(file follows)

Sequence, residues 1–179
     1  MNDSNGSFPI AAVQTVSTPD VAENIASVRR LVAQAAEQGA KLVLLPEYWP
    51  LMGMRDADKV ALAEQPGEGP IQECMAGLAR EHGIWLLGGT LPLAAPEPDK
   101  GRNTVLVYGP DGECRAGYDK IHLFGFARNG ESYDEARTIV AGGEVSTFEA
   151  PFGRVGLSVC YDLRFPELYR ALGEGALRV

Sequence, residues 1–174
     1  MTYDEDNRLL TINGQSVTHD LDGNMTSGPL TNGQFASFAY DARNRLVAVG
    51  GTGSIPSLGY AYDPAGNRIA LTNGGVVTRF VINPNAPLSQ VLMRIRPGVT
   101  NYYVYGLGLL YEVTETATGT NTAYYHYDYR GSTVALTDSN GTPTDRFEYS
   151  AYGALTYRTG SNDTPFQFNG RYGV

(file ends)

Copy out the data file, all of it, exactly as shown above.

Sequence, residues 1–179
     1  MNDSNGSFPI AAVQTVSTPD VAENIASVRR LVAQAAEQGA KLVLLPEYWP
    51  LMGMRDADKV ALAEQPGEGP IQECMAGLAR EHGIWLLGGT LPLAAPEPDK
   101  GRNTVLVYGP DGECRAGYDK IHLFGFARNG ESYDEARTIV AGGEVSTFEA
   151  PFGRVGLSVC YDLRFPELYR ALGEGALRV

Sequence, residues 1–174
     1  MTYDEDNRLL TINGQSVTHD LDGNMTSGPL TNGQFASFAY DARNRLVAVG
    51  GTGSIPSLGY AYDPAGNRIA LTNGGVVTRF VINPNAPLSQ VLMRIRPGVT
   101  NYYVYGLGLL YEVTETATGT NTAYYHYDYR GSTVALTDSN GTPTDRFEYS
   151  AYGALTYRTG SNDTPFQFNG RYGV